Mechanics and Control of Biomimetic Locomotion

Joel Burdick
Department of Mechanical Engineering

"Biomimetic locomotion" is the movement of robotic mechanisms in ways that are analogous to the patterns of movement found in nature. Practically speaking, it is movement that does not rely upon wheels, jets, thrusters, or propellers. Biomimetic locomotion is typically generated by a coupling of periodic internal body deformations to an external constraint.

A significant body of research has been developed in the area of robotic locomotion. Prior studies have often focused either on a particular set of assumptions (such as quasi-static motion) or a particular robot morphology (such as a biped or quadruped). To date there exists no unifying methodology for analyzing or controlling robotic locomotion. Ultimately, we seek a "mechanics theory" and a "control theory" for robotic locomotion which is both rigorous and uniformly applicable to a broad class of locomotory problems. This talk summarizes some recent work on the development of unifying principles for a broad class of locomotion problems.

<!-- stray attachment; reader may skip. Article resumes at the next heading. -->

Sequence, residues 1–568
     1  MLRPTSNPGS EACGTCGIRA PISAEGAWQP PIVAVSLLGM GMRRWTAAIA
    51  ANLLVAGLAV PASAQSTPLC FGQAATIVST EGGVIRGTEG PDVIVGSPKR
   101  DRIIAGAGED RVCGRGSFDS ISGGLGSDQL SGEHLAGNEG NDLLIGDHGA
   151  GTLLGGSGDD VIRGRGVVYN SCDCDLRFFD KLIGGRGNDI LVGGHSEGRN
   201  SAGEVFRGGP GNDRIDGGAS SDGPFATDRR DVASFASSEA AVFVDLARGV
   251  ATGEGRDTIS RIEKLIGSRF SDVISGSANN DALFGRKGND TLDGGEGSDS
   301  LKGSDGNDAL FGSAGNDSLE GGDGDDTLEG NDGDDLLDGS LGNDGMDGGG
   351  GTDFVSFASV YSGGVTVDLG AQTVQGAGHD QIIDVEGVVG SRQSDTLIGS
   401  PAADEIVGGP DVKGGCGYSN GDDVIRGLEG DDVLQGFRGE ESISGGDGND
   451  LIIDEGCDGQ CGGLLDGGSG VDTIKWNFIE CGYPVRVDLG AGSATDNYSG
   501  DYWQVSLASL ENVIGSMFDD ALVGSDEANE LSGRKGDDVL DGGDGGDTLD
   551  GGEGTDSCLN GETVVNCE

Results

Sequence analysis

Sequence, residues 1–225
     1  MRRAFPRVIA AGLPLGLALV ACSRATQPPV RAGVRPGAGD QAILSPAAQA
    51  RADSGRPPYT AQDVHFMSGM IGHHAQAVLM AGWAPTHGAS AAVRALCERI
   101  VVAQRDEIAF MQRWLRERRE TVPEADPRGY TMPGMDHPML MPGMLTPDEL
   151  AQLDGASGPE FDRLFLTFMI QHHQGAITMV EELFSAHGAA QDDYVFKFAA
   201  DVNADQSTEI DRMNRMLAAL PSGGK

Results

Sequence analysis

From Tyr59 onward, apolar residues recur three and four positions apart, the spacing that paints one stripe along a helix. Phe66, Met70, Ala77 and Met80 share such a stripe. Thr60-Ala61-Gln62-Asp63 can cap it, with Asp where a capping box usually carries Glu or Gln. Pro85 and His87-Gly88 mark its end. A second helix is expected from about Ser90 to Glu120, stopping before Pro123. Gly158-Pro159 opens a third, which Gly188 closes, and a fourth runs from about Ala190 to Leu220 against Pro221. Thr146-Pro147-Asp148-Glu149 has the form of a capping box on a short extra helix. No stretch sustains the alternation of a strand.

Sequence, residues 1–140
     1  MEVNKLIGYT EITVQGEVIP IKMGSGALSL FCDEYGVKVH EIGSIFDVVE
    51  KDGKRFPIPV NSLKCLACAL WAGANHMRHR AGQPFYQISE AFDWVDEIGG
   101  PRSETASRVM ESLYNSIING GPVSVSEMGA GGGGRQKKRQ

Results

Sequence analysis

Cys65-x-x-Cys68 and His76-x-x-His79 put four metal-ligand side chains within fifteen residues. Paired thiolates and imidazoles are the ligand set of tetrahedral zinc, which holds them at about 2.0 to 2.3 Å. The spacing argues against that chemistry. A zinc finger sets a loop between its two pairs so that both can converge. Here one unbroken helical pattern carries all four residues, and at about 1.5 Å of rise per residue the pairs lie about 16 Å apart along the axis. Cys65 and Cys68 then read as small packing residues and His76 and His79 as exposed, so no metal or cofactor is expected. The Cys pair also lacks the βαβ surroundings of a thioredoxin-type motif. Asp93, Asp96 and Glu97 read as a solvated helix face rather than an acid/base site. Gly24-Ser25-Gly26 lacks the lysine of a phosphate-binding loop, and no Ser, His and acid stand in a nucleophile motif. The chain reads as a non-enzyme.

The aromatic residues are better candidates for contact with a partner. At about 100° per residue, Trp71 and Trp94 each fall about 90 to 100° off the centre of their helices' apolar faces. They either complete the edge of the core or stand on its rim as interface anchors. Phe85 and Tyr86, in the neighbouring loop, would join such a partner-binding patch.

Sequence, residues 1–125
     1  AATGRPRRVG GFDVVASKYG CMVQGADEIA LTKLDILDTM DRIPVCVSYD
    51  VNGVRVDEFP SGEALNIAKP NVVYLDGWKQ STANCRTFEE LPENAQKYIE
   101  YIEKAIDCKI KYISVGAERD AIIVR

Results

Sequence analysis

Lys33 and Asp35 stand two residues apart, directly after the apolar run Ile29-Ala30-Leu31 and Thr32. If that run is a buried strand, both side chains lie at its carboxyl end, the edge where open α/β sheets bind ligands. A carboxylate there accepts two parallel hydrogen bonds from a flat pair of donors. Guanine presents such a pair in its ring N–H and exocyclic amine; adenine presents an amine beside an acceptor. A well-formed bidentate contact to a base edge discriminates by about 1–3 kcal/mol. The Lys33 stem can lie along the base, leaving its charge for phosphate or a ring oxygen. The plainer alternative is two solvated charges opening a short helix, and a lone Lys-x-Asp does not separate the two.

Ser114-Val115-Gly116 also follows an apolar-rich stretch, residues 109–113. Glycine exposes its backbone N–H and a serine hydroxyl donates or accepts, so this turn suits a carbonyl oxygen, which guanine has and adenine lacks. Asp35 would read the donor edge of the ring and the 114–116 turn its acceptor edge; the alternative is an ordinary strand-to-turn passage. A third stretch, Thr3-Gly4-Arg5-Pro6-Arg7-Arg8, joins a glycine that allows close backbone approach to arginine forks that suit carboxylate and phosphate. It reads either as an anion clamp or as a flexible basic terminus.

In order to establish notation and key ideas, the talk will begin with a review of the basic mechanics underlying biomimetic locomotion. In particular, ideas from the geometric mechanics literature, such as principal fiber bundles and their associated connections, will be stressed.

A biomimetic locomotion mechanism is "controllable" if there exists an admissible set of controls which drives the system from its current configuration to any nearby configuration. Controllability is a key issue that must be addressed by any comprehensive theory of biomimetic locomotion engineering. Unfortunately, standard controllability methods from nonlinear control theory, such as Chow's theorem, are not well suited to the analysis of biomimetic locomotors. Extensions to controllability theory that are adapted to biomimetic locomotion systems will be reviewed. While controllability is a key issue in the design and analysis of biomimetic locomotion systems, trajectory generation is a primary practical problem for the deployment of complex biomimetic locomotors. Using the new controllability framework, the second part of the talk will describe trajectory generation methods.